There are so many memorable passages and wise insights in this book. Often when we look at something from an opposing stance we are forced to see things we would not have seen from a position of agreement. This is the device C. S. Lewis uses in The Screwtape Letters and he does it exceptionally well.
He warns us that there are two equal and opposite errors we believe about devils. One is to disbelieve in their existence and the other is to believe and have an unhealthy and excessive interest in them. He reminds us that the devil is a liar and that Screwtape is not always seeing things truly, himself.
Lewis said of this book that he’d never written anything more easily or with less enjoyment; that it was easy to twist his mind into a diabolical attitude but it was spiritually stifling. The world he had to enter ‘was all dust, grit, thirst and itch. Every trace of beauty, freshness and geniality had to be excluded.’

Some highlights of this book:

Men are killed in places where they knew they might be killed and to which they go, if they are at all of the Enemy’s party, prepared. How much better for us if all humans died in costly nursing homes amid doctors who lie, nurses who lie, friends who lie, as we have trained them, promising life to the dying, encouraging the belief that sickness excuses every indulgence, and, even, if our workers know their job, withholding all suggestion of a priest lest it should betray to the sick man his true condition!

Wormwood's 'patient' is a young unmarried man and the setting is at the start of WW2. Screwtape encourages him to turn the man's gaze on himself. He also advises him on ways to inculcate pride, selfishness, lust and fear in his patient and to exploit him during his dry spells:

Now it may surprise you to learn that in His effort to get permanent possession of a soul, He relies on the troughs even more than on the peaks; some of His special favourites have gone through longer and deeper troughs than anyone else...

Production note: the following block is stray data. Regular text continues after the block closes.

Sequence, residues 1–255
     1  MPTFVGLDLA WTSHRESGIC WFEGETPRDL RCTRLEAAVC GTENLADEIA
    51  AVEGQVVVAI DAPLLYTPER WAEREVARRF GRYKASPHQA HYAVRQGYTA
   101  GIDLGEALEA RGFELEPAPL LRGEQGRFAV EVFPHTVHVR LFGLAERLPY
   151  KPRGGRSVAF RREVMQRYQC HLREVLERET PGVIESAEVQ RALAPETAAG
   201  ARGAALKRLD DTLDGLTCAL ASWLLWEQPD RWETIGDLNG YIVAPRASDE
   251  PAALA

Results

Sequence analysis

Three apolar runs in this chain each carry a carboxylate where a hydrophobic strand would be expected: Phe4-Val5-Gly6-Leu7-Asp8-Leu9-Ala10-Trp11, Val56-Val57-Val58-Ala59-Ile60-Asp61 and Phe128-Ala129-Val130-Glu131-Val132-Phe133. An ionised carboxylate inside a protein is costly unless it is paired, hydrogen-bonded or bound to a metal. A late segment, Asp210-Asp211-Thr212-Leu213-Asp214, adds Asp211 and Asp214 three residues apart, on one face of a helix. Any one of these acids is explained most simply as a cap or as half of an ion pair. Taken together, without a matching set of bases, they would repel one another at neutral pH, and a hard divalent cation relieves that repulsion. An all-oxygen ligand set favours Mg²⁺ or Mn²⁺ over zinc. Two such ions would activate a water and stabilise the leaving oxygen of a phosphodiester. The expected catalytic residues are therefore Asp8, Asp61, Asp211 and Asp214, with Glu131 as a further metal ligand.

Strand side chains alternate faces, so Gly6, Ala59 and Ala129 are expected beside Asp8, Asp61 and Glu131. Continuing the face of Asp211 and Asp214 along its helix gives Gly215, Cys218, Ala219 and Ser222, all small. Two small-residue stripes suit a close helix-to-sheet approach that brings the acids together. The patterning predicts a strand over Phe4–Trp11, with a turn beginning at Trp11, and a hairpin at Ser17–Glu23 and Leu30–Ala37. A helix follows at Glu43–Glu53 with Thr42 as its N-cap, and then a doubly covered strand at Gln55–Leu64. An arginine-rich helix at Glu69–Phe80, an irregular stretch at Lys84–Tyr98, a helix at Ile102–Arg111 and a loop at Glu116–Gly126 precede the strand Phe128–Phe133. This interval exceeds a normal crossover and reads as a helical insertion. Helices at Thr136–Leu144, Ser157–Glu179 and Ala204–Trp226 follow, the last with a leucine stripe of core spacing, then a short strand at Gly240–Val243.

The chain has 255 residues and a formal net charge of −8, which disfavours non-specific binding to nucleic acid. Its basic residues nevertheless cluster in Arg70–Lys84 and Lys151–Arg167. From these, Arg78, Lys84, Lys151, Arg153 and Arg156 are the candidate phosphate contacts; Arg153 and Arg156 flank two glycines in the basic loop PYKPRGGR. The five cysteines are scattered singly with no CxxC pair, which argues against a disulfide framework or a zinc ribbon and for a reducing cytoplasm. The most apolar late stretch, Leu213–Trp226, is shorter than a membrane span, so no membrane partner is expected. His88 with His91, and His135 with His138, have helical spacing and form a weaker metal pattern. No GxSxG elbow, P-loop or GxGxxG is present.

He cannot ravish. He can only woo...
He leaves the creature to stand up on its own legs - to carry out from the will alone duties which have lost all relish. It is during such trough periods, much more than through the peak periods, that it is growing into the sort of creature He wants it to be. Hence the prayers offered in the state of dryness are those which please Him best...He wants them to learn to walk and must therefore take away His hand; and if only the will to walk is really there He is pleased even with their stumbles. Do not be deceived, Wormwood. Our cause is never more in danger than when a human, no longer desiring, but still intending, to do our Enemy’s will, looks around upon a universe from which every trace of Him seems to have vanished, and asks why he has been forsaken, and still obeys.

Whatever their bodies do affect their souls. Whenever there is prayer, there is the danger of His own immediate action.

In the last generation we promoted the construction of...'a historical Jesus' on liberal and humanitarian lines; now we are putting forward a new 'historical Jesus' on Marxian, catastrophic, and revolutionary lines.

Martin Luther said that 'the best way to drive out the devil, if he will not yield to texts of Scripture, is to jeer and flout him, for he cannot bear scorn.' Lewis uses his sharp wit and inspired imagination to open our eyes to the true nature of the spiritual world & to help us understand that there are spiritual beings whose purpose is to undermine our faith and prevent the formation of virtues.

I've used this book with students around the age of about 14 or 15 years and up.

Linking this to the Official 2018 TBR Challenge

Tuesday, 10 April 2018

6 Years of Blogging: Then & Now...

Six years ago this month I published my first blog post. I'd always enjoyed writing and had been part of a Charlotte Mason Families Newsletter for a few years where families took turns sending out a newsletter to a whole lot of other families around Australia. (Erin at Seven Little Australians was one of the families we 'met' through this newsletter). I was slow to get into blogging, partly because of time restraints but also because I didn't like the idea of writing to an unknown audience. I like good two way conversations & the immediate feedback that facilitates communication and understanding.
However, over the past six years, I've met some of my readers, have had email conversations with others, or have communicated via blog comments, so I feel like I've got to know some of you more.

So what's different now compared to back then?